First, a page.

“Without justice there can be no peace in Burundi or in the Great Lakes”, Emery Igiraneza, a spokesman of Burundi Crime Watch said in his opening statement at the International Conference on Burundi in Manchester on 25 March.
The bloody crisis that has killed up to 900 people, pits supporters of President Pierre Nkurunziza against those who say that his re-election in July 2015 for a third term violated the constitution of a nation still reeling from a civil war that occurred between 1993 and 2005, leaving 300,000 people dead. After a failed coup, the government intensified its crackdown and most of those arrested or disappeared today are young men and women accused of participating in or supporting opposition groups.
The International Conference on Burundi brought together experts and aimed at raising awareness of crimes that are being committed in the small African nation on daily basis, according to organisers, UK-based organisation Burundi Crime Watch.
The conference, which looked at answering the question: Genocide in preparation or experts’ exaggeration?, took place a day after IBTimes UK revealed 60 Burundian families officially mandated a group of lawyers to bring cases in front of the High Commissioner for Human Rights and the International Criminal Court (ICC) regarding alleged crimes against humanity committed in Burundi.
‘Humanity should not be silent’
Burundi Crime Watch’s Igiraneza told the audience: “We are here to talk about atrocities, about potential genocide, about mass killings that are happening. Burundians have suffered a long inter-ethnic conflict. Almost on a daily basis since last April, people are being killed in Burundi, and we are here to say this should not happen and humanity should not be silent.”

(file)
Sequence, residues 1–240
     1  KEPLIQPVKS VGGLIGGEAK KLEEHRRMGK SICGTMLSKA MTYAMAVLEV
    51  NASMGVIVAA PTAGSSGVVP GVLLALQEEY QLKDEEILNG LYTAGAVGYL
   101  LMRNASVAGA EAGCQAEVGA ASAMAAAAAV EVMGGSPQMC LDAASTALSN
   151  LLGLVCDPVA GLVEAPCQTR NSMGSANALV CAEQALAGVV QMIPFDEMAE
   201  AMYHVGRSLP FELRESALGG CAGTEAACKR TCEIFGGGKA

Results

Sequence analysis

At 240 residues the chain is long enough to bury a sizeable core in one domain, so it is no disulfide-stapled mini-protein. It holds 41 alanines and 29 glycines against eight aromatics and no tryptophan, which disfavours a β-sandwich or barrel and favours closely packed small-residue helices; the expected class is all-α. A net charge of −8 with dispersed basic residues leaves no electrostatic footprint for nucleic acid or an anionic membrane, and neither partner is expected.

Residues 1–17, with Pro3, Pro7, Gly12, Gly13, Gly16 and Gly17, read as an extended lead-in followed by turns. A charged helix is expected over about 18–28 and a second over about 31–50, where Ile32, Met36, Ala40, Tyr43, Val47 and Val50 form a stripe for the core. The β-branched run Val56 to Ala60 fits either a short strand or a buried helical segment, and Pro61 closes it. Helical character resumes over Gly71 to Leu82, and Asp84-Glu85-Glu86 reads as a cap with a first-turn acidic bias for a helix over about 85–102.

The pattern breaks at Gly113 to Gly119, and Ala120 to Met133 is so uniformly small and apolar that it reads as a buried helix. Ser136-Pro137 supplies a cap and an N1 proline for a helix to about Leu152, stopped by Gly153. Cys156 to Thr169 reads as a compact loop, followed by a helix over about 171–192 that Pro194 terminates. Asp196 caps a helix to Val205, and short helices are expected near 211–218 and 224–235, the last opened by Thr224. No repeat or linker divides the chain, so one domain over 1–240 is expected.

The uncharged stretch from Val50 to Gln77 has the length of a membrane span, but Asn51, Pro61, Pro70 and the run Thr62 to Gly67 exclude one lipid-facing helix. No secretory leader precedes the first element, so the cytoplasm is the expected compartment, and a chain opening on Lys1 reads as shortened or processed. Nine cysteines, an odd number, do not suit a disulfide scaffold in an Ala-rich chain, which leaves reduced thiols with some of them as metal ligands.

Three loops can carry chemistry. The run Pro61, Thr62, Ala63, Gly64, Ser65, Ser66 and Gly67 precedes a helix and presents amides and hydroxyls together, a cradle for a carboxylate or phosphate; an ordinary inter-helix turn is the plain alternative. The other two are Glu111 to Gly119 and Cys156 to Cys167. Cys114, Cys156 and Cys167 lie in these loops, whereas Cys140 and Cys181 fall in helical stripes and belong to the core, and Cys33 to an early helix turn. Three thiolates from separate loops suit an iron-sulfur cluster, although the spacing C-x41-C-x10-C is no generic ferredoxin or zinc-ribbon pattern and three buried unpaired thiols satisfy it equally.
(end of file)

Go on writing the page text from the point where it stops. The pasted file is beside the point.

After highlighting the nation’s post-independence violence, Igiraneza insisted on the international community’s role in assuring past conflicts should not be repeated.
“Right now, many experts have warned that Burundi can go into a new genocide. What does it take humanity to say stop to this situation?” Igiraneza said.
MP: ‘Put pressure on your own MP’
During the conference, Rebecca Long Bailey, MP for Salford and Eccles, condemned the lack of international scrutiny of the violence.
“Our attentions are too often drawn to other parts of the world by the BBC, ITV and Sky, and the public are not aware of the terrible atrocities that are happening in these parts of the world. Because these atrocities are not on the same scale as other examples of persecution in our history, it’s no less worthy of international attention, condemnation and scrutiny.”
The MP underlined the failures to bring to justice perpetrators of heinous crimes, and claimed these shortcomings would give those involved “further impunity for their past and any future actions”.
Long Bailey urged Burundians and UK residents to appeal to the political establishments across the world and put pressure on their local MP to take steps towards justice.
“I am saddened that there are not more MPs that are interested in this subject, so, what I ask you to do after today, is to go back to your own constituencies and put pressure on your own MPs, whatever political party they are in, and ask them to become involved in this issue, and to join the all party Parliamentary group of the Great Lakes region, because it is really important to have as many people involved as possible.”
Other guest speakers included Gregory Stanton, a research professor in genocide studies and prevention at the Institute for Conflict Analysis and Resolution of George Mason University, Virginia, USA, Burundi’s civil society lawyer Bernard Maingain, Nigel Watt, author of Burundi: Biography of a small African country, and Linda Malvern, an investigative journalist who has concentrated on the circumstances of the 1994 genocide in Rwanda, and Burundi.